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Adolescence - it’s hard!


Puppies are hard but I find adolescent dogs a lot harder!


Adolescence generally happens anytime between 6 and 12 months and ends around 18 to 24 months. Your new puppy has settled in, found their feet & you think everything is going great with their routine and training then BAM it hits you 😂


During this phase, there are lots of hormonal changes happening in your dogs. This is one of the reasons why we tend to suggest not to neuter or spay until your dog is fully matured and these changes have taken place.


These hormones may make your dog appear to be less motivated by us, exploring more, not listening, running off to things etc (we've all been there). Generally they have endless amounts of energy and struggle to settle down.


JUST REMEMBER THEY ARE NOT BEING NAUGHTY!


You may find your dog becoming more frustrated, barking more, chewing more even if teething has finished, pulling on the lead even if they knew how to walk nicely, recall being off, jumping up! Again, they are not being naughty!


There are lots of things we can do during adolescence to get through it with all our hair and still loving our pup on the otherside!

The best way to do this is to give them more physically and emotionally stimulating things to do!


• Puzzle feeding or searching for their tea.- pop it in a slow feed bowl, kong, toppl, puzzle toy, throw it over the floor, hide it around the house.


• Provide lots and lots of appropriate things to chew on - you may have thought teething was over but teenage pups love to chew! If they pick up something inappropriate then replace with something else. Have chews and chew toys all around the house.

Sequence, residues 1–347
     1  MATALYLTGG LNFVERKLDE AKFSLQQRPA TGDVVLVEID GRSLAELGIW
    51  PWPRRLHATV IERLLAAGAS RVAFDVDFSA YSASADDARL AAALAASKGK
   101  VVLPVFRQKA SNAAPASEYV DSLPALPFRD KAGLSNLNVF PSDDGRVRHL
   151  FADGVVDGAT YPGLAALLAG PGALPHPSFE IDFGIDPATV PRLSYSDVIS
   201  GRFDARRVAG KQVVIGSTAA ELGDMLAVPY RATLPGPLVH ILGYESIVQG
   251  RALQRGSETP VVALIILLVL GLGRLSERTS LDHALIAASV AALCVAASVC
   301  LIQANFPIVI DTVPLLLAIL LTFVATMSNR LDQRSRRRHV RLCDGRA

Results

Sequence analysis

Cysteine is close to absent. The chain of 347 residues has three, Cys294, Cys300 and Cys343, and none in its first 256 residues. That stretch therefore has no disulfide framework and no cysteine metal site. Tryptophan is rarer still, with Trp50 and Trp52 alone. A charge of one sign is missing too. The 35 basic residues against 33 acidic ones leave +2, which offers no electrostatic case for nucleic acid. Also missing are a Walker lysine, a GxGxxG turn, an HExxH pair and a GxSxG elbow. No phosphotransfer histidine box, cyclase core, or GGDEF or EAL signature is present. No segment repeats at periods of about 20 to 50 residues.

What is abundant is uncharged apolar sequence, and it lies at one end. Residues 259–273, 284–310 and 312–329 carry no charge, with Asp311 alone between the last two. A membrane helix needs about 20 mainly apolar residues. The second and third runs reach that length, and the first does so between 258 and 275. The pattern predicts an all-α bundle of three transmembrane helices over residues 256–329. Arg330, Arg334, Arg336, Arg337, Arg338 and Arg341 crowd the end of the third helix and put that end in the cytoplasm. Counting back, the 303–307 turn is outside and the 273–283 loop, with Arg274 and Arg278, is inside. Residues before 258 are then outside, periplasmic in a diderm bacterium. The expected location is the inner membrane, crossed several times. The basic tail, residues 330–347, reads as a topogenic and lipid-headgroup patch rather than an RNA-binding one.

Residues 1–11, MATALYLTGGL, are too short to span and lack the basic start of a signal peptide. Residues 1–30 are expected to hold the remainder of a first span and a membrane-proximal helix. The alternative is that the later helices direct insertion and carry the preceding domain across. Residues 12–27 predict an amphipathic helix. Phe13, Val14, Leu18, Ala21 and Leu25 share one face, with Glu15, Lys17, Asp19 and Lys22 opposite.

• Have dedicated play times scattered throughout the day - a really good tuggy session or some scentwork for those hound owners. Remember your pup may find it hard to settle after an exciting activity so always give them something to help them settle afterwards - a chew or kong etc.


• If your dog has become a little obsessed or started becoming frustrated when seeing other dogs, take a step back from busy walks. Go to quiet areas and work on focus and games with you. Continue to socialise with friends and dogs they know but you may need to keep playtime short and sweet.


• Dogs can go through fear periods during this stage too where they are more wary of objects, humans, other dogs etc. If this is the case, don't push them to say hello or go and see the object. Take it slowly, allow them to approach slowly with lots of rewards for looking and even looking away. This generally does not affect them for life if they were a confident, happy pup beforehand.


• Reward, reward, reward! Just as a little puppy, reward everything good they are doing! Keep up the associations that walking nicely gets rewarded, coming back to you is the best thing ever! Always have your best treats on you!!


If you are struggling then reach out to us and book a 1-2-1 session :) Remember shouting or being negative will not help and its not your pups fault!

It does get better and also not every dog goes through this - Reya is my third dog and by far the hardest adolescent dog I've had too!

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